Andrew Sullivan and Will Saletan have similar takes on what last night means for the Veep spot. First, Saletan:
Dean’s logical running mate was Clark: the New England domestic policy expert and national security rookie, paired with the Arkansas national security expert and domestic policy rookie. Kerry could go with Clark, too. But Kerry doesn’t have to, because he’s already got the national security credentials as well as the domestic policy expertise. If the hole in Dean’s doughnut, as he once called it, was military experience, the hole in Kerry’s doughnut is vitality and a common touch, plus regional appeal in the South or Midwest. I could see a Kerry-Clark ticket (or the reverse), but a Kerry-Edwards ticket (or the reverse) is now conceivable. A Dean-Edwards ticket wasn’t.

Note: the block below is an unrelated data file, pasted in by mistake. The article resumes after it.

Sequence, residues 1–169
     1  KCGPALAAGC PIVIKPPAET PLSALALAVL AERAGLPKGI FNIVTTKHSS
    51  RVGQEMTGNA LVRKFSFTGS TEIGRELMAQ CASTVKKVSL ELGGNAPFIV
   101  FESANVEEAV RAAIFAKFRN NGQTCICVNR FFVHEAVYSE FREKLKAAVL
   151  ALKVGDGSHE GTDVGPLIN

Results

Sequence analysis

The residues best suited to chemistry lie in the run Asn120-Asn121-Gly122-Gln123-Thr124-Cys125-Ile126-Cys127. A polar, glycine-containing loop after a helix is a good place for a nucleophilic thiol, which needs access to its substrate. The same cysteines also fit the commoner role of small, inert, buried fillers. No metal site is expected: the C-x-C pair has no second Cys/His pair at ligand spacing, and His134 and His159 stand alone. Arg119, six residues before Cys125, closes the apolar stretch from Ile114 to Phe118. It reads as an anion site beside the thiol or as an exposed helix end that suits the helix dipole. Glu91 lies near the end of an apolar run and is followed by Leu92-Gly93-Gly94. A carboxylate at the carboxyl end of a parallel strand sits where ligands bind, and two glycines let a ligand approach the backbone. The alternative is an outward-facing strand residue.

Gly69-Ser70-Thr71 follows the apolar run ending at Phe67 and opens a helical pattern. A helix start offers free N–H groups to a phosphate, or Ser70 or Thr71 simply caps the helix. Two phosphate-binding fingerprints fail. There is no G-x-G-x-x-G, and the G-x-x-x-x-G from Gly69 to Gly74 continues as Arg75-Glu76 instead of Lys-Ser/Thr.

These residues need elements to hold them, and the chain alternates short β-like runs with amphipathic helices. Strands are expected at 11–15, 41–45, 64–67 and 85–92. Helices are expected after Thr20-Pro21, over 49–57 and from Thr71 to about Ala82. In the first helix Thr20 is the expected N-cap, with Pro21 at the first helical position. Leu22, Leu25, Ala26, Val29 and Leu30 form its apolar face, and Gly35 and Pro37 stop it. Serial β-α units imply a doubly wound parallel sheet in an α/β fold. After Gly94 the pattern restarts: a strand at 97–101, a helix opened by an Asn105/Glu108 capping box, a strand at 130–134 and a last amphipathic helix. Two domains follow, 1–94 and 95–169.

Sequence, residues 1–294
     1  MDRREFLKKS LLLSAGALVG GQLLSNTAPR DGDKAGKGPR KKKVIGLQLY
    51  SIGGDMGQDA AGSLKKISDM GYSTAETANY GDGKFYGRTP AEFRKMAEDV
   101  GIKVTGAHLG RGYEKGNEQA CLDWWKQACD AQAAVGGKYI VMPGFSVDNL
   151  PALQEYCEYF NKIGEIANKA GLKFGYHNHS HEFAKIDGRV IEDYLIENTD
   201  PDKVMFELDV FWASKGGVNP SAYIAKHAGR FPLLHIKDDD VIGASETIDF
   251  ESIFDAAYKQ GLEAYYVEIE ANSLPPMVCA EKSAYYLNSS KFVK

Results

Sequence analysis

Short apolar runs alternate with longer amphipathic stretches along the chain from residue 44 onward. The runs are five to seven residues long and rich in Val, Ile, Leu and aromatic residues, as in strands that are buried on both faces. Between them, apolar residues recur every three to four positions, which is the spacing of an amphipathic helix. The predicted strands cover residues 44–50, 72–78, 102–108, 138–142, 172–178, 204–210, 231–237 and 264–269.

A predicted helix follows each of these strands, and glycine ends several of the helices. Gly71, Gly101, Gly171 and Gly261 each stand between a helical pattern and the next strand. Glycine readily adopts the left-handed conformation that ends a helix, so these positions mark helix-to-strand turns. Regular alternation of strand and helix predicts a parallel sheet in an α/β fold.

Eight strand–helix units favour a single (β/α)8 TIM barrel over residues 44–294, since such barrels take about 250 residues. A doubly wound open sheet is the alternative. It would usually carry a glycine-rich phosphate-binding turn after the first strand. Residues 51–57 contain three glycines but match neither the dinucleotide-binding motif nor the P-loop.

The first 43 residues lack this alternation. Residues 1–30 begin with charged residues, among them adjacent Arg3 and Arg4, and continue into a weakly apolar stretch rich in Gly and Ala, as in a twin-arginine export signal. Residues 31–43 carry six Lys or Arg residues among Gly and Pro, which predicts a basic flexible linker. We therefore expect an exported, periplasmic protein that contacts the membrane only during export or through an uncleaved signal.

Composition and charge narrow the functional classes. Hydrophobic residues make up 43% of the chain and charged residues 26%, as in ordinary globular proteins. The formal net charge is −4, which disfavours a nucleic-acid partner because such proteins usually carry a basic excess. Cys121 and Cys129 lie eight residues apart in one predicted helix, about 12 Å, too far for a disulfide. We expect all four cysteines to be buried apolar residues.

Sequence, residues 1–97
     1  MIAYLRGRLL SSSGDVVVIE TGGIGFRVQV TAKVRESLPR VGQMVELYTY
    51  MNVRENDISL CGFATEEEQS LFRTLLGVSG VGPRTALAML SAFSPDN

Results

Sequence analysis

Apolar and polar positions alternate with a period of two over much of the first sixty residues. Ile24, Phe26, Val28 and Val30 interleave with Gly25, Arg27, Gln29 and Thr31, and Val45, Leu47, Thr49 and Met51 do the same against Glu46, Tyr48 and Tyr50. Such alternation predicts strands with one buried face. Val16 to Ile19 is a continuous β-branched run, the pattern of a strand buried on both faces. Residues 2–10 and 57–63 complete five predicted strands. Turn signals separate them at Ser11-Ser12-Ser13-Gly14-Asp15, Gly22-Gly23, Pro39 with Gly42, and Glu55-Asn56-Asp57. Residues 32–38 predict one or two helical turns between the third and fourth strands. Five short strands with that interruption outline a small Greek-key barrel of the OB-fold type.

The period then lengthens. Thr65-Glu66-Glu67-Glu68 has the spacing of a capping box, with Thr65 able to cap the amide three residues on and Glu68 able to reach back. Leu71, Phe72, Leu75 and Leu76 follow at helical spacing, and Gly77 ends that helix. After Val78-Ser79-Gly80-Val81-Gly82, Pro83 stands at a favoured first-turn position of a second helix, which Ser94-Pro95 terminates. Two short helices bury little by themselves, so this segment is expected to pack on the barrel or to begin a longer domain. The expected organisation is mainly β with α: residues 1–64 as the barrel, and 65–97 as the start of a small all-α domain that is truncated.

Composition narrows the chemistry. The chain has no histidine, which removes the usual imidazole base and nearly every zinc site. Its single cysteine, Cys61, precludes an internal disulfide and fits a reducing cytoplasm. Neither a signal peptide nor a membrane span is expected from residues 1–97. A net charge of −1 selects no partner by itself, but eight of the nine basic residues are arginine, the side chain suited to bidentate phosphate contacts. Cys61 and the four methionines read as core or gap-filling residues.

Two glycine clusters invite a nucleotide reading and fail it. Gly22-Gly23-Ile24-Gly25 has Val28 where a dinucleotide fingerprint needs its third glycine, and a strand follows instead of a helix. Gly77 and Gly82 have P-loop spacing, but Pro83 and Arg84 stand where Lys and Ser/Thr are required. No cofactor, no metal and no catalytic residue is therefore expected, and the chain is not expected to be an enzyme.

If I’m Clark in New Hampshire, my task just got more complicated. I’m not just fighting to stay above Kerry so I can have a shot at the presidency. I’m also fighting to stay above Edwards so I can have a shot at the vice presidency.
For me, the big winner is Edwards. He’s always struck me as a Tony Blair figure – telegenic, personally appealing, centrist. His speech was the best of the bunch last night – and he exudes decency. That’s enormously important against Bush because the president’s most under-rated political virtue is his general likeability. If Edwards can pick off even a couple of Southern states, he has a critical advantage over his rivals. National security is obviously a huge problem. Maybe he can find a way to innoculate himself on the issue. How does a Kerry-Edwards or Edwards-Kerry ticket sound? In a word: Credible.
My own take? Any of those tickets is more credible than anything with “Dean” in it. But it’s still too soon to determine who’s going to be at the top of the ticket, much less who’ll be at the bottom.